and the European System.
Colophon (1) A symbol used in
book printing to represent
a publisher or publisher's
imprint. (2) Information on a
book's title, printer, publisher
and publication date, typically
displayed at the end of a book.
Colophons often offer details on
the typefaces, type designers or
typographers associated with
the production of a printed
piece. The tradition has mi¬
grated to the digital arena, with
colophons sometimes included
on websites and in other forms
of digital media.
Color The appearance of darkness
in set type. Letterspacing, word
spacing, leading, stroke weight,
ink and paper color and other
factors contribute to the black¬
ness of typeset text. Also known
as typographic color.
Condensed A narrower version
of a typeface, designed with the
intention of fitting more char¬
acters into a given measure.
Contour Data The complex data
used by a computer processor
in the mathematical formula
responsible for generating
Bézier curves and curvilinear
Contrast The degree of contrast
between the thick and thin
strokes of a letterform. Helvetica
is an example of a face with
no contrast, while Bodoni is
a high-contrast design.
Copyfitting The technique of
adjusting type size and spacing
so that it fits within a defined
Counter The interior white space
enclosed by a letterform. 'D' and
'O' are examples of characters
with wholly enclosed counters,
while the counters in 'c' and 'm'
are partially enclosed.
Cross bar See cross-stroke.
Cross-stroke A horizontal stroke
connecting two stems, as in 'A'
and 'H,' or the projecting stroke
of a letter cutting horizontally
across the stem, as in T and 't.'
Also known as the cross bar
Cursive Dating from the 16th
century, cursive typefaces
imitate the flowing style of
handwriting. Both script faces
and cursive designs give the
appearance of being drawn with
pen and ink. Script types are
typically joined, while cursives
generally are not. Also used as
a synonym for italic.
Descender That part of a lower¬
case letter which extends below
the baseline. Examples include
'),' 'q,' and 'y.'
Descender line The imaginary
horizontal line marldng the
lowermost point of a descender.
Descent A characters maximum
distance below the baseline.
Diacritic A mark over, under or
through a character, added to
give it a different phonetic
value, or to differentiate
between words which are
visually identical. Examples of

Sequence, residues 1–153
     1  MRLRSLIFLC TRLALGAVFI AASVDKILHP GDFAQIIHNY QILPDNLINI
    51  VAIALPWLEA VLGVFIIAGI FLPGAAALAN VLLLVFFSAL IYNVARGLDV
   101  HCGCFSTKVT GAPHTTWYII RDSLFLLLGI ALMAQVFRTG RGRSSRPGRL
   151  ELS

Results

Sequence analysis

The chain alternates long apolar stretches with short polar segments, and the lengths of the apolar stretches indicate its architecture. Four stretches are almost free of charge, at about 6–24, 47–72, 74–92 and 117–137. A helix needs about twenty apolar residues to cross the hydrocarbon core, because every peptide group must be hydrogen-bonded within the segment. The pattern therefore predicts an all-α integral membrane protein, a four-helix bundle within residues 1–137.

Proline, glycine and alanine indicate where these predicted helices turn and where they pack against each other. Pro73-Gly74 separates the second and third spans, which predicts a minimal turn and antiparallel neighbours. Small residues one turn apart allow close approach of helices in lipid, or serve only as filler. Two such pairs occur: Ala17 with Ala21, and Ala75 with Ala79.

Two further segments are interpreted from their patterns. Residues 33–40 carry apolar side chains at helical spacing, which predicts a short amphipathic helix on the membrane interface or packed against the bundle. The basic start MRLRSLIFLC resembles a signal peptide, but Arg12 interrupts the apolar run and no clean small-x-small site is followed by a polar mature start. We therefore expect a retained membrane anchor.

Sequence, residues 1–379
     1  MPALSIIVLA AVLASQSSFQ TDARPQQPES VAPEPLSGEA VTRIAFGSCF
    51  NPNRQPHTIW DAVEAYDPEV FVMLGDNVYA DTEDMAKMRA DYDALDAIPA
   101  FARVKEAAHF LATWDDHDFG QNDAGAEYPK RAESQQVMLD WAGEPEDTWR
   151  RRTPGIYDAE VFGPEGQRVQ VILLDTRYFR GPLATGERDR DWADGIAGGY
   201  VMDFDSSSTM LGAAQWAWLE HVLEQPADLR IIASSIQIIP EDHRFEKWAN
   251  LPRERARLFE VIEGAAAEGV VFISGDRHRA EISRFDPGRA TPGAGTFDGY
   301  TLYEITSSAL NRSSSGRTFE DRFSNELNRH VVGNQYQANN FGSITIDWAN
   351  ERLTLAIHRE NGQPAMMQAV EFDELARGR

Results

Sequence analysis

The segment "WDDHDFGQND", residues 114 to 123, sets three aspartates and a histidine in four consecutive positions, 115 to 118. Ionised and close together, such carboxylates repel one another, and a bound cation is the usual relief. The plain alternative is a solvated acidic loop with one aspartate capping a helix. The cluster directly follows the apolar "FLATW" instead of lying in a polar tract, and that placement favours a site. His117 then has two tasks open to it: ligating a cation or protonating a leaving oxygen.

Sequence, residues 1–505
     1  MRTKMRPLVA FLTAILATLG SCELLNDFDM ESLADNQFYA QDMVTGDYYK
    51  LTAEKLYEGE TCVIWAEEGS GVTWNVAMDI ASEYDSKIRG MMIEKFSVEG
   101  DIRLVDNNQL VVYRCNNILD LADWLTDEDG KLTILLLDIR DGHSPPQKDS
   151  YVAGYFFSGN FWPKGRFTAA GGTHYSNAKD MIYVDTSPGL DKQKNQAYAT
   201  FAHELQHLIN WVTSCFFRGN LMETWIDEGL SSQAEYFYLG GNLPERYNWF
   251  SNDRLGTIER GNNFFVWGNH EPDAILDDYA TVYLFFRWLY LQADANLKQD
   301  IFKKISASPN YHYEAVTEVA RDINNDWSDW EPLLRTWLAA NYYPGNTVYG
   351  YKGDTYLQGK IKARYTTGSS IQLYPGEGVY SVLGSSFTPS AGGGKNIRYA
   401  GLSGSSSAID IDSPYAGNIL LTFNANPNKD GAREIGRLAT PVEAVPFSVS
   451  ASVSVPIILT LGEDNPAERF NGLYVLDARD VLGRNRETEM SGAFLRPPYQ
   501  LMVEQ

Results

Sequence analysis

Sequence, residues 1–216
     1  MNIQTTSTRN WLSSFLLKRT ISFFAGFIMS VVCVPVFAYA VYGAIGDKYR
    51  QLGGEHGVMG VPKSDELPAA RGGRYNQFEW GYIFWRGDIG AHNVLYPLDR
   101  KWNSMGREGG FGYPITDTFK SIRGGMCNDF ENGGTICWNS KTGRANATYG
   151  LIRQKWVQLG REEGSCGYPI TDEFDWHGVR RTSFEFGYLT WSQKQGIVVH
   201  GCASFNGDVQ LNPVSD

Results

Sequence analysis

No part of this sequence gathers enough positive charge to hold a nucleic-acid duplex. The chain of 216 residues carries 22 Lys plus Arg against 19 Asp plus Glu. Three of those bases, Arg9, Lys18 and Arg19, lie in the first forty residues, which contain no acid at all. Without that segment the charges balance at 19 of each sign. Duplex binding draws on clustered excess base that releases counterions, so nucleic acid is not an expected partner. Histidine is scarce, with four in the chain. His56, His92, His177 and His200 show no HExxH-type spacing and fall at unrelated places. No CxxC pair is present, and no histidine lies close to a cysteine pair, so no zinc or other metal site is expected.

diacritics include the umlaut,
cedilla and tilde. Also known as
Didone A modified version of Old
Style serif types, Didones retain
some of the characteristics of
engraving. These high contrast
letterforms were originally
developed by Firmin Didot and
Giambattista Bodoni from the
late 18th to early 19th centuries.
Bauer Bodoni and TTC Fenice are
examples of Didone styles, also
called Modern Serifs.
Didot A standard unit of measure
in European typography, the
Didot point is slightly larger
than the American point. See
also the European System.
Dingbats Historically called print¬
er's flowers, dingbats are typically
small decorative elements,
bullets, or other symbols. In
dingbat fonts have expanded to
encompass a diverse range of
imagery, from detailed illustra¬
tions of buildings, animals and
insects to abstract sketches of
the human face. Sometimes
referred to as picture fonts, image
fonts, or icon fonts.
Diphthong Two vowels joined to
create a single character: 'Al,'
'СЕ/ 'эе/ and 'ce.' Diphthongs are
also considered ligatures.
Display Face A larger or bolder
version of a text face, specifically
cut for use in setting headlines.
Often used to describe decora¬
tive type not suited for body
Double Story A lowercase 'a' or
'g' with a closed tail or curved
DPI (Dots Per Inch) The standard
measure of the resolution of a
video monitor or output device.
Drop Cap An oversized capital
letter or versai set at the begin¬
ning of a paragraph, drop caps
occupy two or more lines of
Ear A small projection found
on some letterforms, such as
the stroke attached to the bowl
of a 'g.'